My mate Justin is going for a walk. Quite a long one. He's going to tie up his boots in Granada, in the south of Spain, then wander over to Seville, before making a right and heading up to the northern coast - a mere 1200 kilometres away. It'll take him, he reckons, about three months.
He'll be following a well-worn trail because this is a traditional Christian pilgrimage he's undertaking, a trek to the cathedral in the city of Santiago de Compostela to visit the remains of the apostle James. That would explain things - except Justin's a non-believer.
"I don't like to talk about it too much," he admitted the other day. "People either think I'm mad, or really religious, or ... no, mostly mad, actually."
Justin's doing the walk alone but he won't be short of company. Tens of thousands of fellow wanderers will make similar journeys to the Spanish city this year - some driven by religious fervour; others, like Justin, just for the sheer hell of it. The non-believers are increasing in number. They're not trying to appease a god or pay their respects or even please their grandmothers - they're just looking for a chance to slow things down a bit. No planes, no taxis, no bus stations, no timetables, no hassles. Just miles and miles of open pathways and a few spare months in which to tramp them.
To me, it sounds like a pretty strenuous way to spend a holiday. I like a nice stroll as much as anyone - but 1200 kilometres? With a backpack on? In the Spanish summer? Ouch.
I like a nice stroll as much as anyone - but 1200 kilometres?
Mad as they might be, Justin and his fellow trekkers are actually trendsetters, forging a path for a movement called "slow travel".
It's a spin-off of the "slow food" idea hatched in Italy back in the 1980s. Food fanatics, tired of the hamburger-and-fries approach to eating being embraced by the McStarbucks set, decided to go back to the good old days and take hours and hours to prepare and eat their meals, joyfully lingering over lunches that became dinners. It spawned an entire "slow movement", of which travel is just a small part. It encourages travellers to look at not just where they go, but how they travel there and how long they stay when they arrive. It's about slowing the process: take your time, get to know people, learn a country's history, take it all in.
The antithesis of slow travel - the junk food, if you will - is definitely the organised tour. Like a trip to Maccas, it's relatively safe: you know exactly what you're going to get, with no surprises. (Also, everyone claims to hate them but has invariably done it at least once in their lives).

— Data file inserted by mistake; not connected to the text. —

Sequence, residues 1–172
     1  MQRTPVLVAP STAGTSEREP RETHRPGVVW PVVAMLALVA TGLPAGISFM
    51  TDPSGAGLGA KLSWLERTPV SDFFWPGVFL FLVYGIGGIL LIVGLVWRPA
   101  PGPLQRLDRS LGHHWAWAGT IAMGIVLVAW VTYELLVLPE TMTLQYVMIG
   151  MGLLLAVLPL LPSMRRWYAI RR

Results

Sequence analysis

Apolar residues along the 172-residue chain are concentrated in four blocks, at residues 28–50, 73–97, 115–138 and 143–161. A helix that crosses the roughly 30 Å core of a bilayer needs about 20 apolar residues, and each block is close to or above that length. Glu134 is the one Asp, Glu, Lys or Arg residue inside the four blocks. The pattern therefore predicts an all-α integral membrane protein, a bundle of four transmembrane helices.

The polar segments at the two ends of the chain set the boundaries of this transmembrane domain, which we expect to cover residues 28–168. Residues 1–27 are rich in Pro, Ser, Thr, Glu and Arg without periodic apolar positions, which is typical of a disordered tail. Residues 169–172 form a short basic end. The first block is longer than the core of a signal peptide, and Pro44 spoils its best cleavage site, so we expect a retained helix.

Justin's three-month walk is the travel equivalent of a day-long lunch; however, you don't have to be a mad trekker to embrace slow travel.
I've got another friend who has a month of holidays coming up so, rather than take the traditional see-as-much-of-Europe-as-is-humanly-possible-in-an-alcohol-soaked-blur holiday, he's rented an apartment in Barcelona. Four weeks. In the one spot. That's slow travel.
Sounds interesting, however, it's not something I've ever embraced.
See, I'm stuck in that twitchy middle ground between gens X and Y - I have a weird urge to see everything, do everything before it's too late. I'm not sure what "too late" means but it certainly doesn't equal sitting in one place for a month, or travelling long distances on foot. Some would call it FOMO - Fear of Missing Out. I don't want to come home and find something awesome happened somewhere else and I wasn't there to see it.
I'm not saying I want junk-food travel. In fact - if you'll allow me to suck this food metaphor completely dry - I'd call my style "tapas travel". I want to have little tastes of everything, rather than gamble on one dish and hope I love it.
I spent a three-month stretch in Africa a few years ago, which I could have dedicated to delving deep into a particular community, maybe doing some volunteer work while really getting to know a place. Instead, FOMO running wild, I whipped through 10 countries.
And I don't regret it.
Similarly, while I love Barcelona, I wouldn't want to spend a month hanging there when the rest of Europe is ripe for exploring - a mere Eurail pass away. I wouldn't want to give up the chance to see Berlin or Krakow or Prague or Budapest, just for the knowledge that I could visit La Sagrada Familia a few more times.
It's a personal preference but I don't think slow travel is for me, not just yet. These boots weren't made for walking. Long lunches, on the other hand, are just fine.